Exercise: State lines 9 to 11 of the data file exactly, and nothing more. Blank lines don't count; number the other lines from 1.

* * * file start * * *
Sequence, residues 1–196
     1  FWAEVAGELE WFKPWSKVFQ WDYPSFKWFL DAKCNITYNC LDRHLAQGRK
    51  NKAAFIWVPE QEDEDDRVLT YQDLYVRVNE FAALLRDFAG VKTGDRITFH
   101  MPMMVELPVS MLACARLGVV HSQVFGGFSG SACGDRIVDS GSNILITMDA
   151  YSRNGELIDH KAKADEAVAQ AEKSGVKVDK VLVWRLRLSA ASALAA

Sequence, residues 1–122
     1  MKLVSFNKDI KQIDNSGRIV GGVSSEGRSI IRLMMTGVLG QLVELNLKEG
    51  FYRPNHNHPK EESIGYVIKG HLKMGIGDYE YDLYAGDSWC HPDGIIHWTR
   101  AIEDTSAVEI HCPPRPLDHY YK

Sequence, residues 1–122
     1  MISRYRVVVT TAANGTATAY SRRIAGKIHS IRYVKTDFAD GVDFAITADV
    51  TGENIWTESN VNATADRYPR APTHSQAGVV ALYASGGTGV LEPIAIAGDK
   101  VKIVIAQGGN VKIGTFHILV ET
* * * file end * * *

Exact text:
   101  AIEDTSAVEI HCPPRPLDHY YK

Sequence, residues 1–122
     1  MISRYRVVVT TAANGTATAY SRRIAGKIHS IRYVKTDFAD GVDFAITADV